Family-Related Determinants. Family-related determinants include marital status, number of children, time on childcare, and time on household responsibilities. Marital status included those “married (including common-law)” compared to respondents who have “never married” or were “previously married.” Number of children included all children in the household under 18. Time on childcare was gathered by asking, “On average, on days when you’re working, about how much time do you spend taking care of or doing things with your (child/children)?” Responses were coded in hours and multiplied by seven to represent hours spent on childcare per week. Time on housework includes respondents’ answer to the following question: “On average, on days when you’re working, about how much time do you spend on home chores—things like cooking, cleaning, repairs, shopping, yard work, and keeping track of money and bills?” Responses were multiplied by seven to represent hours spent on housework per week.

Control Measures. To properly specify the following model for precarious work settings, additional factors are controlled for, including organizational size, race/ethnicity, and immigrant status. Size includes 10 categories capturing approximately how many people are employed by the respondent’s company or organization at their work location, including themselves. Categories include “under 25”, “25 to 49”, “50 to 74”, “75 to 99”, “100 to 249”, “250 to 499”, “500 to 999”, “1000 to 5999”, “6,000 to 9,999”, and “10,000 or more.” Immigrant status measures whether the respondent is an immigrant to the U.S. in reference to those in the sample who are not. Finally, respondents’ ethnicity is measured as “White” versus all other categories of race, including “Black or African American”, “Native American or Alaskan Native”, “Asian, Pacific Islander, or Indian (from India)”, and “Other, including mixed.” Originally, age was controlled in all models; however, due to high collinearity with years of work experience (r = .84), this variable was removed from the model. Descriptives for the measures are reported separately for men and women in Table 1.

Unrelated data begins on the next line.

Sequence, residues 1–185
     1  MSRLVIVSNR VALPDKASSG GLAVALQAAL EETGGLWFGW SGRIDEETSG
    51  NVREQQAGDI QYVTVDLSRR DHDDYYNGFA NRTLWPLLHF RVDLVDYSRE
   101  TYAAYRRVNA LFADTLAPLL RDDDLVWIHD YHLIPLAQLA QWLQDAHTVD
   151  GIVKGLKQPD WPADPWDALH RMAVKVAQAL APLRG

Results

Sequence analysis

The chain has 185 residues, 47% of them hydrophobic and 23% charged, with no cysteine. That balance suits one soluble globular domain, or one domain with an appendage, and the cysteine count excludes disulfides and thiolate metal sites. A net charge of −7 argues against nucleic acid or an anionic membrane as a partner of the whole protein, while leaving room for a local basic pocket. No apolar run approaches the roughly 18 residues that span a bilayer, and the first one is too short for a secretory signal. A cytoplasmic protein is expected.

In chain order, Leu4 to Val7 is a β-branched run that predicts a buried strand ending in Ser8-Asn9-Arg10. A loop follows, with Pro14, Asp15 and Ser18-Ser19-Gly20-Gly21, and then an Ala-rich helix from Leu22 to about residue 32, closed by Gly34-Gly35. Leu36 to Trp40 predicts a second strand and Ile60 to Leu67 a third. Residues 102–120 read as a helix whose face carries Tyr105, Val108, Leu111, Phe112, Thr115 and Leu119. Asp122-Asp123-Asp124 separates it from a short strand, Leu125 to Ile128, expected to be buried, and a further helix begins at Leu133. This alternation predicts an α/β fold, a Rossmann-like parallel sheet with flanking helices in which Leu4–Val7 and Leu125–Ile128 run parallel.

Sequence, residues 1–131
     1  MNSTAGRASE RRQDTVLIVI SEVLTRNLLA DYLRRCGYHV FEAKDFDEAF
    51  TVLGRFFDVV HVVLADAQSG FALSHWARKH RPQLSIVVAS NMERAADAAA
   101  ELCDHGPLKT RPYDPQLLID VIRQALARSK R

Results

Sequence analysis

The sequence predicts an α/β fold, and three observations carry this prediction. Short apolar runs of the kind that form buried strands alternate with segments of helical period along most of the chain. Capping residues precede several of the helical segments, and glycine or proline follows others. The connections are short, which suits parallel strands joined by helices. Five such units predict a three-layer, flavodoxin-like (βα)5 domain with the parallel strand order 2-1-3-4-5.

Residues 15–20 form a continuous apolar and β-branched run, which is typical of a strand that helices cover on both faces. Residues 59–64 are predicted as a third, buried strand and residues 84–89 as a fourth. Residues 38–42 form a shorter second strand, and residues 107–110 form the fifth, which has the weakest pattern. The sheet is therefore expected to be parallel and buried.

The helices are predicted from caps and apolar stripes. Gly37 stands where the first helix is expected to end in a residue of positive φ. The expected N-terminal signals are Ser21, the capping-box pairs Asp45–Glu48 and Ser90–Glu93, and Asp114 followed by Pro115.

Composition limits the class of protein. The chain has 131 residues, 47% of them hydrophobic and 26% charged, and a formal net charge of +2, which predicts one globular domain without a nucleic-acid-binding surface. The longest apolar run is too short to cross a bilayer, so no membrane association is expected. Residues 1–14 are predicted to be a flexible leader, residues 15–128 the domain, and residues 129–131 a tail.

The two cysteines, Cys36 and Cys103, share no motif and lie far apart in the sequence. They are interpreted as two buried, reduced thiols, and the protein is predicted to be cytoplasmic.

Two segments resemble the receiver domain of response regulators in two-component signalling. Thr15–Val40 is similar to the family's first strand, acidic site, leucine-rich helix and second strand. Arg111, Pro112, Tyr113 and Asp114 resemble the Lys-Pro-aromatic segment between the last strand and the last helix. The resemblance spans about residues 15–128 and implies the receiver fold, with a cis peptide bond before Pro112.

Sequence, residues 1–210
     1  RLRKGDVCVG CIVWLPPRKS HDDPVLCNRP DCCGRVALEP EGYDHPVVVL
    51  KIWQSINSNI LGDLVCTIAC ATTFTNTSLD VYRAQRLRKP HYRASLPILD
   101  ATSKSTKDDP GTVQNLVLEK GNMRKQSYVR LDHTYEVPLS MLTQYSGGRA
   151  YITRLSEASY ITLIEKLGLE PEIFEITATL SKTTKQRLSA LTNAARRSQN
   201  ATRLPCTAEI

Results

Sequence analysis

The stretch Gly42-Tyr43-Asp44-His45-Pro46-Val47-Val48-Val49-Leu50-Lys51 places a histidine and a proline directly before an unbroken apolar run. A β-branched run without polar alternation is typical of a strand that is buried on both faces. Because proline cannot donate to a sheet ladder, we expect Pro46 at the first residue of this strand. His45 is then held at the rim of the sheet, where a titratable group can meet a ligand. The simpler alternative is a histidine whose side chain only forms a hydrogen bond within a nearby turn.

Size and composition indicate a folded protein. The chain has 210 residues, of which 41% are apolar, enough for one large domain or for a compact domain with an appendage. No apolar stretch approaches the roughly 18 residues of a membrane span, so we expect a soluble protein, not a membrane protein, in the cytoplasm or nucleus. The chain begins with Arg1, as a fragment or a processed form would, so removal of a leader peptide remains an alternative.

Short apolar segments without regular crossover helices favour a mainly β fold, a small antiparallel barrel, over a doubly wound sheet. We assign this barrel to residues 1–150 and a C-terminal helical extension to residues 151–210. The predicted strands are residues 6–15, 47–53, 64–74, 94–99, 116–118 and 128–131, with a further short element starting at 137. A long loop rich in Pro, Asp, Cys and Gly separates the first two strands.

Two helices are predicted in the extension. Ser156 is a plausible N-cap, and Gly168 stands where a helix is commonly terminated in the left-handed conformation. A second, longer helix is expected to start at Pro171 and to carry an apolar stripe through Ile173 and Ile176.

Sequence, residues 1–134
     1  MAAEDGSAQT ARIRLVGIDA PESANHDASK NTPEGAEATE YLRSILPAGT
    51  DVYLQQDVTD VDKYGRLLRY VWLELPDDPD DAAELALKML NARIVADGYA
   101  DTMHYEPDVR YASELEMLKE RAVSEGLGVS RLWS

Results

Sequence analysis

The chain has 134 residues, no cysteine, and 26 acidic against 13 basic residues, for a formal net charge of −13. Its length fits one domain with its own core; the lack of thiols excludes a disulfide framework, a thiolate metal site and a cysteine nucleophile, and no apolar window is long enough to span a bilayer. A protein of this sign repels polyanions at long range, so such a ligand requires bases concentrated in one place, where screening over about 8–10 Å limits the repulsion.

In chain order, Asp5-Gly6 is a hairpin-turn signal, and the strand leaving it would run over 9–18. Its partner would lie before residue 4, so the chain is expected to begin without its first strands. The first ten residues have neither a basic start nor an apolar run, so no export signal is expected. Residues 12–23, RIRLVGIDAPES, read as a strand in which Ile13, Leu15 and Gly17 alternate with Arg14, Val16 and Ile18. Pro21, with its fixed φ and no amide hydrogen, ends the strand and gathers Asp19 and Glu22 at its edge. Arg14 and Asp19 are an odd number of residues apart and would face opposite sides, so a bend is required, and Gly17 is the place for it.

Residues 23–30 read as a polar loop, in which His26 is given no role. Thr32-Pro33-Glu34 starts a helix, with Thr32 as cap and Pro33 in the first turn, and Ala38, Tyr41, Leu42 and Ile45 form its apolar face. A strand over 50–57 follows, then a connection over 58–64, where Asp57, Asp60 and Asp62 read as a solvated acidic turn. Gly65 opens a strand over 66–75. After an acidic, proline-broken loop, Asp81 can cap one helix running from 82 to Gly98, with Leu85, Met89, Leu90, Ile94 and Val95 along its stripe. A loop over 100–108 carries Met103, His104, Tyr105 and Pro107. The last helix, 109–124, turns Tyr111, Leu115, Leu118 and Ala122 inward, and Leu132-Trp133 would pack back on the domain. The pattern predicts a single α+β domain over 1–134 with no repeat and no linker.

Analytical Strategy. Hypothesis 1 was tested by comparing significant differences in men’s and women’s mean values for each of the precarious employment measures (Table 1) by occupation (Table 2). These differences are identified by asterisks in each table. Next, the main effects of human capital and family-related investments were estimated, controlling for gender. This procedure serves two purposes: first, the effects of human capital and family-related determinants must be examined to answer my second research question. Second, to test hypotheses 2a and 3a, it is necessary to model these effects while controlling for gender to determine whether human capital and family-related investments explain any of the observed gender differences in precarious work criteria. If in fact human capital and family-related investments explain gender differences in precarious work, results would support human capital arguments that men and women simply invest differently in these situations. Table 3 presents the main effects model results. Models for hourly wage and benefits used ordinary least squares (OLS) regression techniques to estimate the effects of human capital investments and family-related determinants. Binary logistic techniques were conducted using maximum likelihood estimation to model the effects of human capital and family-related determinants on union protection and part-time work status.

TABLE 2

Cross-Tabulation of Precarious Employment Measures by Occupational Category (N = 2,024)

Cross-Tabulation of Precarious Employment Measures by Occupational Category (N = 2,024)

Note: Means for categorical variables represent the percentage of respondents in each category

Asterisks represent significant gender differences. * p < .10; ** p < .05; *** p < .01.

-> Voir la liste des tableaux

TABLE 3

Ordinary Least Squares and Logistic Regression Results for the Effects of Human Capital Investments and Family Determinants on Precarious Employment Indicators (N = 2,024)

Ordinary Least Squares and Logistic Regression Results for the Effects of Human Capital Investments and Family Determinants on Precarious Employment Indicators (N = 2,024)

† Work hours per week was excluded from model 4 because of high collinearity between part-time status and hours worked.